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you know one analogy about a ghostwriter it's kind of like you are kind of like an attorney in court. if you are arguing for your client, what you are arguing for the client is two words. basically believe me and i will do it if i believe the person. in other words i work with musical stars were having quite believe them and it didn't work out so the idea of doing a book with a politician would be great. and i have done books. i have done books with sports stars gary sheffield was a baseball player laila ali,
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mohammed ali's daughter a boxer. i have done all kinds of books and i would love to do a book on a politician. >> host: does your name get out there? once you have your name on a book and someone sees it how does it snowball into another book? >> guest: i am still hustling and i believe in the hustle and you know i will tell you a quick story. when i did my first book the ray charles book i thought it would get a call from paul mccartney nick jagger and eric clapton and hear it for the rest of my life because ray charles is such a megastar. nobody called. nobody called and one of the things i learned is that i can't
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count on the books that i have done to generate more work for me that i have too continued to go out. now i have an agent who i love and he is also very proactive and his name is david z. leon i'll but i don't take anything for granted. but i also have to say and maybe this is what kept me as a ghostwriter who has always been able to work, i like the hustle. i like phonecalls and i think it's good to hustle. i think it's good for us to look for work and expose ourselves. i mean in other words to kind of risk rejection they think is good for the soul because to be too protective i'm not going to
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talk to this person because they may reject me, that isn't made. it's okay to be rejected but i tried to tell people, if i want to do your book i will look you in the eye and tell you i really really want to do your book. i try not to be too proud. >> host: what are you working on right now? >> guest: well i have a contract with tavis. this is our fourth book together and we are working on a book about the last 16 weeks in the life of michael jackson. so it's sort of a condensed michael jackson book. that is my current. >> host: and after that? >> guest: after that i'm chasing people. i want to do a book with merle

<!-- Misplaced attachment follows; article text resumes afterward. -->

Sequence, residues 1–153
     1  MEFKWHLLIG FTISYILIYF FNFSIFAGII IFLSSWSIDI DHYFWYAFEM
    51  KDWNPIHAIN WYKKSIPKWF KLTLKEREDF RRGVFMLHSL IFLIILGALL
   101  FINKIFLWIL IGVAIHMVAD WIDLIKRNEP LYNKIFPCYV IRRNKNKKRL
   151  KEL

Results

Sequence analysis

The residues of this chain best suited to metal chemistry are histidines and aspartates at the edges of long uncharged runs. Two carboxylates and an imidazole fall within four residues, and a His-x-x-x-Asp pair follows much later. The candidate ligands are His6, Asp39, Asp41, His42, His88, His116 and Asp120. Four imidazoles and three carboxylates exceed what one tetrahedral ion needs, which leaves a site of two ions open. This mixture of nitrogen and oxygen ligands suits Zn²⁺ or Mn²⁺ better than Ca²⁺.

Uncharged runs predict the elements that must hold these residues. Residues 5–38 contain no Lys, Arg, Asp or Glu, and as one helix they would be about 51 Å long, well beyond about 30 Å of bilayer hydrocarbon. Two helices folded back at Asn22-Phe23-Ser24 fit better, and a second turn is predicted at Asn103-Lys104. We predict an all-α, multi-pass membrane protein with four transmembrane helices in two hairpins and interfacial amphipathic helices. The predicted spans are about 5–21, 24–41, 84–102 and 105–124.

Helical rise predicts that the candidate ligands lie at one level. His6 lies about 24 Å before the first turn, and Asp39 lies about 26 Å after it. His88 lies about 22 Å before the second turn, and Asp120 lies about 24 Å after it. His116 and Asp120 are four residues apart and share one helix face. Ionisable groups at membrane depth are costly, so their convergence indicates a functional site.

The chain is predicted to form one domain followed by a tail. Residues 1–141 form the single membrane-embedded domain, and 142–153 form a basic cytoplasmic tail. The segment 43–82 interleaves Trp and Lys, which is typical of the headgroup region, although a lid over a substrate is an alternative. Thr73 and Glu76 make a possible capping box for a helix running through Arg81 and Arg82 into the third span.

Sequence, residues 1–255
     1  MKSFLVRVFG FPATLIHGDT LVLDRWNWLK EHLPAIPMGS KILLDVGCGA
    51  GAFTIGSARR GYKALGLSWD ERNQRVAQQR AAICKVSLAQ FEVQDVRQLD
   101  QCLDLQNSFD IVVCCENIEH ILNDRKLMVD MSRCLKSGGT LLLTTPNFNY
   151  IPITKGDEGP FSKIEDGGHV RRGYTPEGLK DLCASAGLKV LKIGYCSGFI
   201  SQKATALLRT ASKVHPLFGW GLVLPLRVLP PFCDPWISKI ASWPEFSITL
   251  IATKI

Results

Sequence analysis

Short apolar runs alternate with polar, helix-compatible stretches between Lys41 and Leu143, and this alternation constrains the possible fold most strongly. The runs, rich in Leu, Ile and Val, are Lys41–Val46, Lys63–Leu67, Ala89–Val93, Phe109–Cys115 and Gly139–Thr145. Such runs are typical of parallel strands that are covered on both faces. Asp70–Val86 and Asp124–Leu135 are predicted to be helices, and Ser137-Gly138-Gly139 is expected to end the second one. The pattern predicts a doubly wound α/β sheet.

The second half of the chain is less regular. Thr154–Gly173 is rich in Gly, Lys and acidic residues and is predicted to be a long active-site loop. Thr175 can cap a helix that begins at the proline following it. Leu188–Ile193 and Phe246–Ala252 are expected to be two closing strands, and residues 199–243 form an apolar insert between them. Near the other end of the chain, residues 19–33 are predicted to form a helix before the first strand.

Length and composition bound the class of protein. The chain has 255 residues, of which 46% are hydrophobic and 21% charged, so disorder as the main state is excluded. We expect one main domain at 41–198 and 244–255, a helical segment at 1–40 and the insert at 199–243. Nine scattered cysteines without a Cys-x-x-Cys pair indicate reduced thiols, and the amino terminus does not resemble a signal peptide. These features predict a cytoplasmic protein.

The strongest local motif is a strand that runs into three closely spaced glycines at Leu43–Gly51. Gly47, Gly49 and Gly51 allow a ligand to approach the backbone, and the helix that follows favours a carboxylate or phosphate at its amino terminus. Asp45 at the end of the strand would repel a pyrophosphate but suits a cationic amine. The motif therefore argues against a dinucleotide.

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haggard who i love. i want to do a book with the rock star lenny kravitz who i think is great. i have been talking to him and there are all kinds of books. and i'm also working on a novel of my childhood and i'm doing a graphic book with an artist about the history of my relationship to clothing because i'm kind of a clothing not so i wanted to do this graphic book so i'm eyes working on for five things at the same time. >> host: are rewriting in the song's? >> guest: i am. i have recently written some gospel songs with a good pal of
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mine. i wrote a song a couple of months ago and i almost would rather write a song than anything. i really kind of love at all. i love ghosting and i like writing songs and i am enjoying this graphic book that i'm doing. i am enjoying this novel but the idea to sit down and write with a musician and to be in the broom when these chords are being created and melodies are being created i find the most enjoyable. >> host: david ritz we appreciate you sitting down with booktv. >> guest: my pleasure.